A Nightmare on Elm Street (1984)

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It was a dark and stormy summer night on Long Island when I first saw this and I can barely re-watch it to this day. The story of serial killer Freddy Krueger and the teens whose dreams he inhabits was an epoch-defining event in the horror genre and made Wes Craven’s name as well as starting a profitable franchise and introducing Johnny Depp to the world (although he’s soon swallowed by his own bed.) Heather Langenkamp is the cop’s daughter who draws the short straw and has to lure Freddy out so he can be captured …  Don’t fall asleep. Don’t take a bath. Don’t unplug the phone. And don’t be the child of a vigilante! Perfect Halloween horror.

Addams Family Values (1993)

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Those paragons of the paranormal are back. Wednesday (Christina Ricci) and Pugsley (Jimmy Workman) are entirely unhappy at the arrival of moustachioed Baby Pubert and plot his death at every possible opportunity so Morticia (Anjelica Huston) and Gomez (Raul Julia) hire a nanny. Problem is, Debbie (Joan Cusack), always with the ready quip, has eyes on Uncle Fester (Christopher Lloyd) and persuades the folks that summer camp is the place for the kids while she commences her seduction. The scenes at camp are a hoot, with Wednesday falling for geeky Joel (David Krumholtz) and causing total havoc at an unforgettable Thanksgiving show run by horrifically perky Peter MacNicol and Christine Baranski. This is a scream from start to finish with killer lines like, where all those Addams men come from: “It has to be damp.” Ricci delivers a peerless performance – what an extraordinary child she was! Directed by Barry Sonnenfeld from a screenplay by Paul Rudnick, adapting the Charles Addams characters in a slightly more macabre fashion than the original. Extremely funny indeed.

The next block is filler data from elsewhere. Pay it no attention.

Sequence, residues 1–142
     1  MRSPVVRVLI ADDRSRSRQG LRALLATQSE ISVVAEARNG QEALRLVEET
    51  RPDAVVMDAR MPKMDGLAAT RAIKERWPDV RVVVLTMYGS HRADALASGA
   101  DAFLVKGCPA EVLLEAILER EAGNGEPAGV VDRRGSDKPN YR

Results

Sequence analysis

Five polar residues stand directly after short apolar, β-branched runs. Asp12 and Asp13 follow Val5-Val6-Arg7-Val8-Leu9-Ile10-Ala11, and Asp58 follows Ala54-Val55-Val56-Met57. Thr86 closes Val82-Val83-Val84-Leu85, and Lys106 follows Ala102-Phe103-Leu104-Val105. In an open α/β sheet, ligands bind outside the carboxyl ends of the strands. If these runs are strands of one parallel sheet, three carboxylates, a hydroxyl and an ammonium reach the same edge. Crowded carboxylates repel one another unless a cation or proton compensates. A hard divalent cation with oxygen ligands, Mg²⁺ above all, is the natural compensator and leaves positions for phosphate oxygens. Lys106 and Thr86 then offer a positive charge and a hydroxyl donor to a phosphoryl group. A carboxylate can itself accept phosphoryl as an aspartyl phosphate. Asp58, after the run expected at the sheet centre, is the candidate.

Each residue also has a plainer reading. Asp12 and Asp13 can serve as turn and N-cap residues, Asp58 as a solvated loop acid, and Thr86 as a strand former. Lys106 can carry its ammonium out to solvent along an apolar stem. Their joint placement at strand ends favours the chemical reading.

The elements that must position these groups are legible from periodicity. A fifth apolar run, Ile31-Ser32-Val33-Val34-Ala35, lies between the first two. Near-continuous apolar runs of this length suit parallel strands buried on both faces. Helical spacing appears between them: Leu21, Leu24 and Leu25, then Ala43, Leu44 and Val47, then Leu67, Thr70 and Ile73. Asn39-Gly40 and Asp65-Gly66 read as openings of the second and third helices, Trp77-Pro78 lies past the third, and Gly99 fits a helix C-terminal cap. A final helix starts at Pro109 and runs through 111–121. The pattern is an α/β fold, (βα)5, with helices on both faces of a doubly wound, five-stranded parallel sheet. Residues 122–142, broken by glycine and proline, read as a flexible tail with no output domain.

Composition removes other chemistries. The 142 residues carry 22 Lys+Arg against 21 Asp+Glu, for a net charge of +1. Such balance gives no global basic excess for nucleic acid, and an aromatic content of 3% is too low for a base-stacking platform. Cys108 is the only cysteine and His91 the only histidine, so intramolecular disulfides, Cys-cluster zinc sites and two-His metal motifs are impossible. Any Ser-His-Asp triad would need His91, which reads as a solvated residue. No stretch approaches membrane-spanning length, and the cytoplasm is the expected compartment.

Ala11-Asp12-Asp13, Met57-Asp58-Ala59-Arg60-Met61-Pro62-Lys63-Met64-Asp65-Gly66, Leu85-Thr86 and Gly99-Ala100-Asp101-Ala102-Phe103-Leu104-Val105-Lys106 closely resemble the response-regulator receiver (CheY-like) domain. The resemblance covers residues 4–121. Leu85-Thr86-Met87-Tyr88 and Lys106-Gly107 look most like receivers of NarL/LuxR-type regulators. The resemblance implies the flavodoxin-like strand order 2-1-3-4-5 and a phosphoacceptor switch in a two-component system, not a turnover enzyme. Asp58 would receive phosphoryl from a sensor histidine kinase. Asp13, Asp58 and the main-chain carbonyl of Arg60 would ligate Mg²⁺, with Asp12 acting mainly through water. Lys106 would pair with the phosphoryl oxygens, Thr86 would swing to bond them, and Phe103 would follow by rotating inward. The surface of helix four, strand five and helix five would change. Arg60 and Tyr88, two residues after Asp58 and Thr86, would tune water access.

Frankenweenie (2012)

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A real return to form for Tim Burton with another stop-motion animation, this time a remake/expanded version of a decades-old short, the story of Young Victor Frankenstein (Charlie Tahan) who is devastated by the death of his dog Sparky but through science class and an experiment on a dead frog, he learns how he might bring him back to life. A glorious spin on the Frankenstein story with a genius character by the name of Edgar, a creepy bug-eyed buck-toothed little hunchback frenemy who rats out Victor’s secret and soon all the animals in the pet cemetery are making a return … Written by Leonard Ripps (in 1984) from Burton’s original idea, with a screenplay by John August and apologies to the source, Mary Shelley who probably never saw this one coming! A great pastiche of monster movies. Brilliant, moving and funny as hell. Love it.

Corpse Bride (2005)

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Aka Tim Burton’s Corpse Bride. With the season of spookiness upon us it’s time to look at this stop-motion animation, a reverie of marriage and death and multiple scary lairy characters. In a monochrome world shy sweet pianist Victor Van Dort (Johnny Depp) is about to marry Victoria (Emily Watson) by arrangement through socially ambitious parents when a branch from a tree drags him to the land of the dead where murdered Emily (Helena Bonham Carter) wants to marry HIM. She reunites him with his dead pet dog as the newly married man (albeit to a dead woman) descends to a paradoxical world of colour which is great fun but he needs to get back to reality to ensure Victoria isn’t ensnared in a marriage to villainous Barkis Bittern (Richard E. Grant) who is eventually revealed to be the fiance who murdered Emily! If it’s a little incoherent on the story level it’s fun to watch, with some star talent having fun – Enn Reitel as the maggot/conscience in Emily’s brain, Christopher Lee as Pastor Galswells, Joanna Lumley as Victoria’s mother and composer Danny Elfman as a one-eyed skeleton (modelled on Sammy Davis Jr.). It’s maybe too smooth for stop-motion (using a different camera than the one on Nightmare Before Christmas) but it’s always good to watch Burton’s macabre work at Halloween. Screenplay by John August, Caroline Thompson and Pamela Pettler based on characters created by Burton and Carlos Grangel.

The Watcher in the Woods (1980)